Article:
Belief dependence: How do the numbers count?

Philosophical Studies 176 (2):297-319 (2019)
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This paper is about how to aggregate outside opinion. If two experts are on one side of an issue, while three experts are on the other side, what should a non-expert believe? Certainly, the non-expert should take into account more than just the numbers. But which other factors are relevant, and why? According to the view developed here, one important factor is whether the experts should have been expected, in advance, to reach the same conclusion. When the agreement of two (or of twenty) thinkers can be predicted with certainty in advance, their shared belief is worth only as much as one of their beliefs would be worth alone. This expectational model of belief dependence can be applied whether we think in terms of credences or in terms of all-or-nothing beliefs.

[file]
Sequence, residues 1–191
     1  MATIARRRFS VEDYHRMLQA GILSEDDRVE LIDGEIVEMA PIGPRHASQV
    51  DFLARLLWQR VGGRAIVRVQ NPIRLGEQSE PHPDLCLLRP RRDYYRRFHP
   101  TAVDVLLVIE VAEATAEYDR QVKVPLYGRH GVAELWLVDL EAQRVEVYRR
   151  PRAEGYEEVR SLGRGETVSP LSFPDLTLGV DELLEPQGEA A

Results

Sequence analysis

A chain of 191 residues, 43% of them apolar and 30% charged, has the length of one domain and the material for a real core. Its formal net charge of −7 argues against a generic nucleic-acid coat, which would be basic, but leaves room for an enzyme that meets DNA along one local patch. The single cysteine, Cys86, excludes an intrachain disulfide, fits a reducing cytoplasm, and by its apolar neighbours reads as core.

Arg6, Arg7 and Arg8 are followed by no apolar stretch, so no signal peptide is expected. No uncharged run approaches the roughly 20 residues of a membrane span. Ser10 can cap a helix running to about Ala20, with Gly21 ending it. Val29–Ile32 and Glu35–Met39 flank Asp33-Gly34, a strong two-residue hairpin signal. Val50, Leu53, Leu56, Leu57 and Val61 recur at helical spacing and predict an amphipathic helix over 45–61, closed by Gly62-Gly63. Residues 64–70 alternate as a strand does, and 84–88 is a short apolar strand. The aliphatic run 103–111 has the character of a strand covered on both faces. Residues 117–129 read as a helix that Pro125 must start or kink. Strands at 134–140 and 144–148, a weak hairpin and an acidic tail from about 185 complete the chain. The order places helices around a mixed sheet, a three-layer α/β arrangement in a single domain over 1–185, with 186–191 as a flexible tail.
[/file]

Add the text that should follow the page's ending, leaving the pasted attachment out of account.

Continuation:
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Updating on the Credences of Others: Disagreement, Agreement, and Synergy.Easwaran, Kenny; Fenton-Glynn, Luke; Hitchcock, Christopher & Velasco, Joel D.

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